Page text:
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Mojo Hand: The Life and Music of Lightnin' Hopkins (Brad & Michele Moore Roots Music Series) Hardcover – 25 Apr 2013
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"Mojo Hand covers all the pivotal moments in his fascinating life through narrative punctuated with large, unwieldy chunks of oral history - both from first and secondary sources. Though thoroughly researched, as befits its genesis as the late Tim O'Brien's dissertation for the University of Houston, it turns Hopkins' story into an excellent reference tool rather than a thrilling page turner." Mojo "The biography maintains a focus centered on Lightnin' and his music...He has crafted a fascinating, well-researched look at a true blues legend, and helps us understand the social environment that created such powerful music." Crossroads Blues Society of Northern Illinois
"Mojo Hand covers all the pivotal moments in his fascinating life through narrative punctuated with large, unwieldy chunks of oral history – both from first and secondary sources. Though thoroughly researched, as befits its genesis as the late Tim O’Brien’s dissertation for the University of Houston, it turns Hopkins’ story into an excellent reference tool rather than a thrilling page turner." (Mojo)
"The biography maintains a focus centered on Lightnin’ and his music….He has crafted a fascinating, well-researched look at a true blues legend, and helps us understand the social environment that created such powerful music." (Crossroads Blues Society of Northern Illinois) --This text refers to the Paperback edition.
Most Helpful Customer Reviews on Amazon.com (beta) (May include reviews from Early Reviewer Rewards Program)
That being said, the book is largely well researched, and has a veritable wealth of information on Lightnin's transition into the world of young aspiring white folkies & aspiring musicians . I loved this, particularly the specifics on the Houston "underground" Blues-Rock scene that was so formative in the early sixties.
After reading, I passed this book onto a close friend in Texas...one who knew Lightnin' personally, and had gigged behind him in Houston on several occasions. My friend was overjoyed with the details of Lightnin's Houston doins', and it brought back vivid & joyous memories of this wonderful seminal Bluesman for him. Theres a lot to be said for that...
What I find puzzling is why O'Brien--or anyone else--is interested in Lightning's biography. True, it's hard to understand why any musician would ever be as equally fascinating as his music, excepting sacred monsters like Wagner, but surely what a blues lover wants to know about is Lightning's music. And while O'Brien includes enough about his recordings to make this book worthwhile, mostly it's about Lightning's miserable life.
Let's face it--Lightning was a wastrel, a street guy who didn't give a hoot about anything except drinking, gambling, and ignoring any demands by relatives or friends that didn't suit his vagabond life. If he didn't have a musical gift, he would never have been heard of ourtise his neighborhood in Houston.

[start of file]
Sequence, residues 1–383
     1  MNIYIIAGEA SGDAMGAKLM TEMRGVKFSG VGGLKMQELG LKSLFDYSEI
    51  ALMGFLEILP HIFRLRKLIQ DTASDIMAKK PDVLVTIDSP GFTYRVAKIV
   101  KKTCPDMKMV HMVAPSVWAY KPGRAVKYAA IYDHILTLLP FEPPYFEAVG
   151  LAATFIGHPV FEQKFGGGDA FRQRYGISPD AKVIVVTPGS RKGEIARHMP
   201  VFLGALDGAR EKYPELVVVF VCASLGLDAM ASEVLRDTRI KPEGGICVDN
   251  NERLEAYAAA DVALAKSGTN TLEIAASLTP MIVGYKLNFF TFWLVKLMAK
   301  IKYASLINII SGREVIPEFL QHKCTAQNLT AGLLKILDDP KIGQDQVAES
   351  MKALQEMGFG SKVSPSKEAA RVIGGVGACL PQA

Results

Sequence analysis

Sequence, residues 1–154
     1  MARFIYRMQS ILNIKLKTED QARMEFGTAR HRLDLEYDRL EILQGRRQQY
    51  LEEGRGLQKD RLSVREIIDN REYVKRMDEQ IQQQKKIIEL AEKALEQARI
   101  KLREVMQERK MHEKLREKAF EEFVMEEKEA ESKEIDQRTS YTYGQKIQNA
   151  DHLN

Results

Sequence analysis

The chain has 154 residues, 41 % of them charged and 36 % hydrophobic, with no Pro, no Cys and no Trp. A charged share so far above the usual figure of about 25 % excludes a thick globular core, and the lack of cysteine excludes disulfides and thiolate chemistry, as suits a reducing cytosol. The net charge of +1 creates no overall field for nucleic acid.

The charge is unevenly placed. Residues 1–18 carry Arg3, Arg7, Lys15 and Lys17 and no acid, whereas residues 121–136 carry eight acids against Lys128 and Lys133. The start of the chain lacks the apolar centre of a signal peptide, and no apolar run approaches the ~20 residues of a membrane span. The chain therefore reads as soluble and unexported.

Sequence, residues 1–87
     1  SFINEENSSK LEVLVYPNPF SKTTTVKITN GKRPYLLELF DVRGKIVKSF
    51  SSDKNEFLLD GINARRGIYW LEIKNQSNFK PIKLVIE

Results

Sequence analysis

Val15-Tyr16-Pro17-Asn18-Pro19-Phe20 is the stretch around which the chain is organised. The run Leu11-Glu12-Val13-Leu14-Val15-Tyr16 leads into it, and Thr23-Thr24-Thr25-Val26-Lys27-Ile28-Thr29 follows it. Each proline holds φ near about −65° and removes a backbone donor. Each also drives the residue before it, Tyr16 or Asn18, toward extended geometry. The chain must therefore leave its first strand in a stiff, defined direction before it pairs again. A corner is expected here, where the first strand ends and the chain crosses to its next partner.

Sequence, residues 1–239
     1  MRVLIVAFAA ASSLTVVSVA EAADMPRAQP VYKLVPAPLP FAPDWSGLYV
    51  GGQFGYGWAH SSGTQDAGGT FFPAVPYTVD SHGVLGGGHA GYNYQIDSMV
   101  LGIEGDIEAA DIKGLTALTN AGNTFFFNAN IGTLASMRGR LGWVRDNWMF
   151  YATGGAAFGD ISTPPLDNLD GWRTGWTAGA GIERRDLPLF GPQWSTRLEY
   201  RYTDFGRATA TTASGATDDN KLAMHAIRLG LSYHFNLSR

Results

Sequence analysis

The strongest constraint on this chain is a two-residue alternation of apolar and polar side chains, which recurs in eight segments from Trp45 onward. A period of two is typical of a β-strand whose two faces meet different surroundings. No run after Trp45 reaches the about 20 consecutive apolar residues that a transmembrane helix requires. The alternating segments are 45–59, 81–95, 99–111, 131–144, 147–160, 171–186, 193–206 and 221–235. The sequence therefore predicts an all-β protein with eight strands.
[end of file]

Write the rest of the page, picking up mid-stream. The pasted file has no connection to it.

What would have been preferable to his "biography" would have been some information about his influences. For example, was his very distinctive guitar style derived from any earlier Texas players? Vague references to Blind Lemon aren't helpful: Lemon played an almost entirely different style, more accomplished and virtuoso than Lightning, playing alternating runs on the bass and treble strings, finger-picking, breaking up the rhythm to great effect, whereas Lightning from the start thumps the bass string of the chord he's playing and picks out runs on the treble with his index finger, never varying the rhythm except playing sometimes in a fast tempo, sometimes in a slow one.
Don't misunderstand: I love Lightning's playing. I can listen to five cuts in a row that begin with Lightning sliding down to an E chord on the fifth fret and using basically the same slow blues licks without feeling even slightly bored. But where did this style come from? Did he make it up? (I admit I've never heard any earlier players who sound like him, but my knowledge of Texas blues recordings of the 1920s-30s is modest.)
Also, while we're told that Lightning learned a lot of his blues from Texas Alexander, we don't hear anything further about his vocal influences. Who were they?
A discussion of what happened when Lightning went from being a solo performer on his Aladdin, Gold Star, and Modern recordings to a succession of side with Donald Cooks on bass and usually a drummer would be worth reading. Myself, I think this was a negative because Lightning no longer had to rely on some of his solo techniques and let the rhythm do the work for him. Perfectly legitimate, of course, but did it allow him to become less creative and to "phone in" some of his performances.
Was Lightning's style improved by using a heavily amplified electric guitar? People who think HOPKINS SKY HOP on Herald is one of his best instrumentals ought to ask themselves what it would sound like played on an acoustic or a lightly amplified instrument.
What's Lighting's best side? I'd nominate FAST LIFE WOMAN, but the vocal on HELLO, CENTRAL is amazingly poignant.
Much more poignant than Lightning's bio, so I hope the next writer who chooses him for a subject concentrates on his music and spares us the details of his uninteresting life.